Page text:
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Wherein the church is join'd to its great Head;

Beloved and loving, cherishing and cherish'd.

And let no cold distrust on either part

Mar or obstruct the full and perfect freedom

Wherewith in turn we render, each to each,

Our debts of mutual service, faithful counsel,

Gentle admonishment, well-timed reproof,

And solace mild, and cheering exhortation.

Nor let us lack congenial partnership

Of thought and study, intermingling oft,

As time permits, with books of sacred lore

And serious meditation, hastier snatches

Of fiction wild and wizard phantasy.

So may our hearts be strengthen'd and refresh'd

For due discharge of this world's sterner duties;

For self-denying acts of meek good will

Toward all men ; chiefly those whom Heaven's high

counsel •

Hath placed within our own peculiar charge,
Linking their lot to ours in one close bond
Of Christian fellowship and pastoral care.
But holier far than all, more closely blended
With all our heart's most pure and sacred feelings,
That task, so wholly ours, to form the minds
Of our sweet children; so to train them up,
That, after this world's brief and bustling journey,
We all may meet where sorrow is no more,
But God shall wipe the tears from all our eyes.
O here it is, in the exact fulfilment
Of this most solemn duty, that thy worth

Appears most brightly; here I recognize,

With love and admiration most profound,

The rich array of choicest qualities

Which grace thy wedded character, and fit thee

As fully for the mother as the wife.

Affection deep and fervent, yet controll'd

By principle severe, decisive firmness,

And patience most long-suffering; prudence mild,

And skill to guide and govern their young hearts

By gentle yet resistless impulses

To meek obedience and submission calm.

0, if 'tis written in high Heaven's decrees

That both of us must not behold them come

To life's maturity, mayst thou survive

To guide their progress thither; for so best

Shall our fond hopes and prayers be realized

By final union in the world to come.

*****

But finish'd is my exile; I return Homeward with eager heart, most glad once more To seize my pastoral staff, and so exchange The wild and wandering visions of the Muse For ministerial duties, and sweet store Of home enjoyments. May this idle song Find favour in thy sight, as I dare hope It will not fail to find. Receive it, dearest, Indulgently, as doubtless much it needs, Framed as it is with long unpractised skill, And energies decay'd; keep it in memory Of thy fond husband's love, and when 'tis read,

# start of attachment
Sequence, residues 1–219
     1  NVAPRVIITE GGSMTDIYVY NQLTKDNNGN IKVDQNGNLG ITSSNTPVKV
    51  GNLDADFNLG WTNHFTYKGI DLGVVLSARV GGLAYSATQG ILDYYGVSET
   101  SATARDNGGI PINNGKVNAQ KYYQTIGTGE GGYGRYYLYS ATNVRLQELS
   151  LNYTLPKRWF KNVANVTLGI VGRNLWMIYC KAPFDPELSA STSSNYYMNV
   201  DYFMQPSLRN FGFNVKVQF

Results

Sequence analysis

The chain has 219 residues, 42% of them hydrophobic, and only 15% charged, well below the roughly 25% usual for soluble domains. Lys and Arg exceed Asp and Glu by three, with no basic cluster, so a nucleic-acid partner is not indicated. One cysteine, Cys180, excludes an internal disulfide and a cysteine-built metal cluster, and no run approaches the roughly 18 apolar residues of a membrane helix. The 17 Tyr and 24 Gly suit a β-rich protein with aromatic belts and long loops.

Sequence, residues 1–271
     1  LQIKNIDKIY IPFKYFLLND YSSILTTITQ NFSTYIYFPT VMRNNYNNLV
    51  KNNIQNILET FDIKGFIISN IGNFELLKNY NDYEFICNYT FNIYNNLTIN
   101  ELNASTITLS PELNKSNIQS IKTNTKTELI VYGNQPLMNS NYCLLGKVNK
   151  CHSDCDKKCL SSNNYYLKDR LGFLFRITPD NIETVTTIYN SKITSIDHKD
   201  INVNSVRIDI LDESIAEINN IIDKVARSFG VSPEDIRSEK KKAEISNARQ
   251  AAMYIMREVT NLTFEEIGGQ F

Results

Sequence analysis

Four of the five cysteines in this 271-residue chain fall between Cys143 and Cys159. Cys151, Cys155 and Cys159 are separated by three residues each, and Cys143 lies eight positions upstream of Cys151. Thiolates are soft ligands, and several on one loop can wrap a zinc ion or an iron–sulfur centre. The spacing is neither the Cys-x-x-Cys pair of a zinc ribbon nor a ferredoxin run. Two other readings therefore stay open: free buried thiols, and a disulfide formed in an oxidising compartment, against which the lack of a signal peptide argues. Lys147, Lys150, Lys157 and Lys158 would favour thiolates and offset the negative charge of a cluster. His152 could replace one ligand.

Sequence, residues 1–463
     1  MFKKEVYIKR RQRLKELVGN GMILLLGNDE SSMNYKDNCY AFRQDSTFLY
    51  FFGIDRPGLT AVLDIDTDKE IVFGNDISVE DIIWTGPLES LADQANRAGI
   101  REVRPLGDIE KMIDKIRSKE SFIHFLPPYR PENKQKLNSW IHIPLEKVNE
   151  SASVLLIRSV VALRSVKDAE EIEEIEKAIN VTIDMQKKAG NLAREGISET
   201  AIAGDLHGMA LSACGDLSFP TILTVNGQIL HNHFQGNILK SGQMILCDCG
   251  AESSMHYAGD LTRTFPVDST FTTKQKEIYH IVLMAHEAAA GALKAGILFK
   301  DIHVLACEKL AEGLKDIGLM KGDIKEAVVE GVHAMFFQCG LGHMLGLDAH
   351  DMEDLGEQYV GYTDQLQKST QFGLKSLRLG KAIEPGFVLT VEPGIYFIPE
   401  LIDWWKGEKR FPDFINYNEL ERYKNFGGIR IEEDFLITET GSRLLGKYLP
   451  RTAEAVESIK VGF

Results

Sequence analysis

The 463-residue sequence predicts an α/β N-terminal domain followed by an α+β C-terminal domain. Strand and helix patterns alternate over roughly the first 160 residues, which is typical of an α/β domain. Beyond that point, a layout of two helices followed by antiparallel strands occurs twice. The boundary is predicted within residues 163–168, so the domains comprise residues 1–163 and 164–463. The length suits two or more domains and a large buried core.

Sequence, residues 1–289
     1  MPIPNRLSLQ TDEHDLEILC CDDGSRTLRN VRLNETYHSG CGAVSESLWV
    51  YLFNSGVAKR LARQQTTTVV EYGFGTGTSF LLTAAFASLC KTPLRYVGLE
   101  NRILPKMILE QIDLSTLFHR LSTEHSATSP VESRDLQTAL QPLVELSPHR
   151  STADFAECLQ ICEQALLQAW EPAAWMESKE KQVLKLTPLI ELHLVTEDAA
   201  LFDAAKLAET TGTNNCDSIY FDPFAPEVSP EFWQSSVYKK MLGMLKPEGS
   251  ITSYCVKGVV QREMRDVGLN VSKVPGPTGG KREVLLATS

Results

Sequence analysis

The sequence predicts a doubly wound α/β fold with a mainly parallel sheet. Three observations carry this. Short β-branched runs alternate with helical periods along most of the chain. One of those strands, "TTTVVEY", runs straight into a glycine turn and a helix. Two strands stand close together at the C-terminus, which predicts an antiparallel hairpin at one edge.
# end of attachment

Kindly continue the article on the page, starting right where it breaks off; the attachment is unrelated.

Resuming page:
Cease to regret that once, at Friendship's call,
He left thee and thy children, for awhile
To sojourn in the distant Cornish moors;
Where, to relieve the strong and passionate yearnings
Of his poor widow'd heart, he first devised,
And partly framed, this true and tender strain,
Begun and ended for no eyes but thine.

AN APOLOGY FOR TACITURNITY.

I Love thee, lady—oh how well

Nor thou canst guess, nor I can tell;

But 'tis with such a reverent love

As saints feel here for saints above;

A love less fond than household ties

And sweet domestic sympathies,

Less passionate, but purer far

Than purest dreams of lovers are;

Such love as felt the Florentine

For her, his soul's immortal queen,

Who led him, in angelic guise,

Through the bright realms of Paradise;

For thou, though mortal still I ween,

Even such a guide to me hast been;

A cheering light, a mission'd star

To guide my footsteps from afar,

Through mist and fog, through shower and shine,

Right heavenward to thy home and mine.

Whence comes it then, (if thou canst guess,) That when my heart would fain express The thoughts thy presence makes to flow, The feelings that within me glow; When I would open my full soul Without reserve, without controul, Lay bare to thee each secret part Of this poor wayward, sinful heart, And speak with thee, in converse high, Of thoughts that roam beyond the sky, Of all my hopes, of all my fears, Of griefs that " lie too deep for tears," Of doubts that o'er my spirit steal, Of all I would, but cannot feel, Of many a dark rebellious hour In thought and will to Heaven's high power, Of bitter strife waged hard within, Of triumphs dark achieved by sin— When thus I would pour forth to thee My inmost soul's anxiety,— Or when, in less religious mood, I'd talk with thee, if talk I could, On subjects grave of pleasant thought, In all too happy to be taught By thy pure wisdom, which doth reach The farthest realm of thought and speech, And make all lovely—tell me why This spell-bound tongue so dumb doth lie? Why is it that thy speaking eye, Which smiles upon me with intent

To give serene encouragement,

And thy sweet words, which fain would break

My spirit's charm, and gently wake

My slumbering speech to converse high,

By sense of mutual sympathy—

Why do these serve to tighten more

The chain which was so tight before?

Why doth each sweet attempt of thine

To give me freedom, only twine

A heavier, stronger spell around me

Than that with which my nature bound me?

Why, when my heart is yearning still

Of fervent talk to take its fill,

Doth want of power so fetter will,

That half in fear, and half in joy,

I falter like a frighten'd boy,

And stammer forth, in hurried tone,

A few faint scatter'd words alone;

Unmeaning words of vain assent,

Or more unmeaning sentiment,

Betokening thought confused and dim,

Ideas indistinct, that swim

In shapeless masses, undefined

And dreamlike, through my labouring mind;

And feelings which, though proud to feel,

I neither dare nor can reveal?

It is not fear, it is not love,
Which so my charmed soul doth move,
That I must oft appear to thea

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